Cheap? Expensive? What do I look for?
The Hidden Question
A question I run into all the time is usually not really a question: it’s a statement with a tacit question hidden inside of it. The statement?
“My gym is offering kettlebell classes with Johnny Beefcake/ Jane Q. Bodybuilder. All the kettlebells are tiny and rubber coated, and the class is only, like, $35 a month. That’s pretty good, right?”
The hidden question?
“How much should I be paying for kettlebell workouts? Is this a good deal?”
Without trying to sound like a kettlebell snob (and I know I will) the statement above makes me cringe, but the question is a fair one.
The answer to “how much should I pay for kettlebell workouts?” is the same as with the amount of friends you have and money in your bank account: the more the merrier.
If you’re learning kettlebell techniques from anyone, the person should be a professional. And when it comes to melting fat off your body like a popsicle on a porch in July, getting a ripped-to-shreds physique like a Greek deity, and feeling confident enough to take on the world every single day, do you want to entrust that to someone who is “dating” kettlebell training knowledge, or someone who is absolutely married to it and deeply in love with it? Put another way, if you’re having a heart attack, do you want the cheapest cardiologist or the most expensive one? Who would you rather entrust with your life?
Master your muscles, don’t “confuse” them
The same goes with kettlebell trainers. Go cheap, get cheap. Go expensive and experienced, get real results. I’ll tell you a story: One of my clients – a woman in her fifties who is a high-level executive at a major corporation – hires me to come to her place of work twice a week and train her in the company’s workout facilities. 99% of the time we have the facility to ourselves. One day, one of her co-workers (another high-level person) had scheduled to meet with his trainer in the facility at the same time. While his trainer (a beefcake whose arms practically dwarfed my legs – and I’m no chicken-legged punk, either!) was having him do some weird, half-assed quarter squat/half overhead press thrusting motion with two 10 lb kettlebells, she was performing easy farmers carries with two (count ‘em, TWO) 53 lb kettlebells – for a total of 106 lbs at 123 lbs of bodyweight, followed shortly thereafter by several sets of 5 deadlifts with the same kettlebells and Turkish Get Ups with 25 lbs on either arm. While his trainer was having him struggle through some heretofore unseen variation of bodyweight rows that involved way too much wailing and gnashing of teeth, my client was slowly lowering herself under complete control from a chinup bar after a flexed arm hang. While his trainer was letting him struggle through some odd variation of knee raises on the ground, my client was doing L-sit holds while hanging from a bar.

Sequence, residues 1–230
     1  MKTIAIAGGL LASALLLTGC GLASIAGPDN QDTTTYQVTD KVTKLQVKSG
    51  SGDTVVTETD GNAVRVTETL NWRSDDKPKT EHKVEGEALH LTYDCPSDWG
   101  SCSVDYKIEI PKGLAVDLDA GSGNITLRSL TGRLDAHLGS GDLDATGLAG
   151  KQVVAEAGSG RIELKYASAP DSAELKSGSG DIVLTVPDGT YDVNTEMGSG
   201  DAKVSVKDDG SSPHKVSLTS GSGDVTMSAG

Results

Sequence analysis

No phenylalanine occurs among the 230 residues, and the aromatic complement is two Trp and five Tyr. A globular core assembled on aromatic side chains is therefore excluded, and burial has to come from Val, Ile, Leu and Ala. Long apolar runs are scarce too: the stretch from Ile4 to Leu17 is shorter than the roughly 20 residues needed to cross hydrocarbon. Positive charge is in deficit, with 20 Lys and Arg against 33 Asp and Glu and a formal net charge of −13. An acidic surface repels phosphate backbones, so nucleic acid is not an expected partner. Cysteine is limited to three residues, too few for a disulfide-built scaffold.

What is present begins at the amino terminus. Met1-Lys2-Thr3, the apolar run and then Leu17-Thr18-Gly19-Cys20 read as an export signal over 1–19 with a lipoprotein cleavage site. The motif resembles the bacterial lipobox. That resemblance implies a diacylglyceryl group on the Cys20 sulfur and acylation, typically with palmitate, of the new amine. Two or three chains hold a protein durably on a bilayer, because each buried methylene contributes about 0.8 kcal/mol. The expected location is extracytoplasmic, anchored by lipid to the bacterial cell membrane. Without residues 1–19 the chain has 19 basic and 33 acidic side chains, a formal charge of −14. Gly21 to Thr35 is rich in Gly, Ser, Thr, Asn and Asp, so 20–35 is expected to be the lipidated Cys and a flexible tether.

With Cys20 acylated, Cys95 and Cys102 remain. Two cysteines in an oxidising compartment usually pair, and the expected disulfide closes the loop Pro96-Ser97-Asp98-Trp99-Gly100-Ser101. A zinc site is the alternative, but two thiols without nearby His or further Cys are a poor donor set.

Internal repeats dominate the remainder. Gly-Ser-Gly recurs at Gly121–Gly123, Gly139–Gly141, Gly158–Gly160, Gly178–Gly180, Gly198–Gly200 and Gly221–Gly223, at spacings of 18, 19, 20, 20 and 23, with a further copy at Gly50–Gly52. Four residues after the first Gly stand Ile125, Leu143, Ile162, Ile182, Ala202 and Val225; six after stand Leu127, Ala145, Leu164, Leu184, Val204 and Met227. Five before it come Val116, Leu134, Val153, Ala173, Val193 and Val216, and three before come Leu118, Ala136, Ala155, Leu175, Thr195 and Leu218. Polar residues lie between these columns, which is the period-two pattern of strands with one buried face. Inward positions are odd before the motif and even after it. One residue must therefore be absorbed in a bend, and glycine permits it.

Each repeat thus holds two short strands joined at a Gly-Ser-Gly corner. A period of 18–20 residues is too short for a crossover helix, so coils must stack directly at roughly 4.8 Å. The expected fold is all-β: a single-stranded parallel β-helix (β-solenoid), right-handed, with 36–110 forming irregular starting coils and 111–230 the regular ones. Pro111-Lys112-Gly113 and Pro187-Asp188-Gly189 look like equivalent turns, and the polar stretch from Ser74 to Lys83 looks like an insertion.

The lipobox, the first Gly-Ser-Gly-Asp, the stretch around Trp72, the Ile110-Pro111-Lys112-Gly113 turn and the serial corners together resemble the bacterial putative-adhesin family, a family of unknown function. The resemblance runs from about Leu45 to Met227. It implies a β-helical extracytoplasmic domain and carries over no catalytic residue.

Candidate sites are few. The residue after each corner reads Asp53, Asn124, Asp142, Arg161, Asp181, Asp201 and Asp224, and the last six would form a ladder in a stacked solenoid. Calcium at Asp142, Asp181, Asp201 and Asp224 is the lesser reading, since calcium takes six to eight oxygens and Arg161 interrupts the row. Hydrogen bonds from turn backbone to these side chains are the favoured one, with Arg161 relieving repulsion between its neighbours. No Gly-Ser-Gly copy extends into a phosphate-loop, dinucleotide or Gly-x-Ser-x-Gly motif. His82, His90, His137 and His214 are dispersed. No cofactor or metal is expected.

Best money you’ll spend
Who do you think got more out of the session? For what it’s worth, the gentleman in question was young and more than physically capable of doing more, but his trainer – despite his obvious physical prowess – was far less skilled at coaching him through any of the movements he was doing.
I’ll be the first to admit that I grit my teeth and cringe a little bit whenever I see the price of a workshop I want to attend or the amount of money it’ll cost to me to train with a high level trainer for even just a few short hours, but I know that in the end what I will take with me will make it worth it both for me and for my clients. When I first started training seriously with kettlebells, I was 22 and working part time in a fast food restaurant and studying full time in university. Forking over the money for just one hour’s worth of training time from the man who ended up becoming my coach, Scott Stevens, was not the easiest thing to do. But as my results continued to roll in from his laser-like focus on the little details that made up the bigger painting, it was easy to justify it: I was transforming before my very own eyes, not to mention before the eyes of my friends and family who all wanted to know what magic potion I was taking!
StrongFirst: Strong for life
Anything great in life is worth the price you pay to get it. One-on-one time with a StrongFirst instructor usually runs upward of $80, and a number of Master StrongFirst instructors charge $300 or more. Prices for group classes vary greatly, with prices ranging from $200-$300 + per month. Success stories of weight loss, strength gain, and general acquisition of physical hotness and jealousy-inducing sculpted bodies practically roll out of classes like this, and the price is reflective of the results and quality of training you can expect.
It may be steep, but it’s worth it. Why entrust your physical fitness and health to anyone less than an absolute professional? Any money spent on someone with deep knowledge on imparting the skills necessary for you to meet and exceed every lofty goal you set for yourself is money well spent. Anything less is a waste.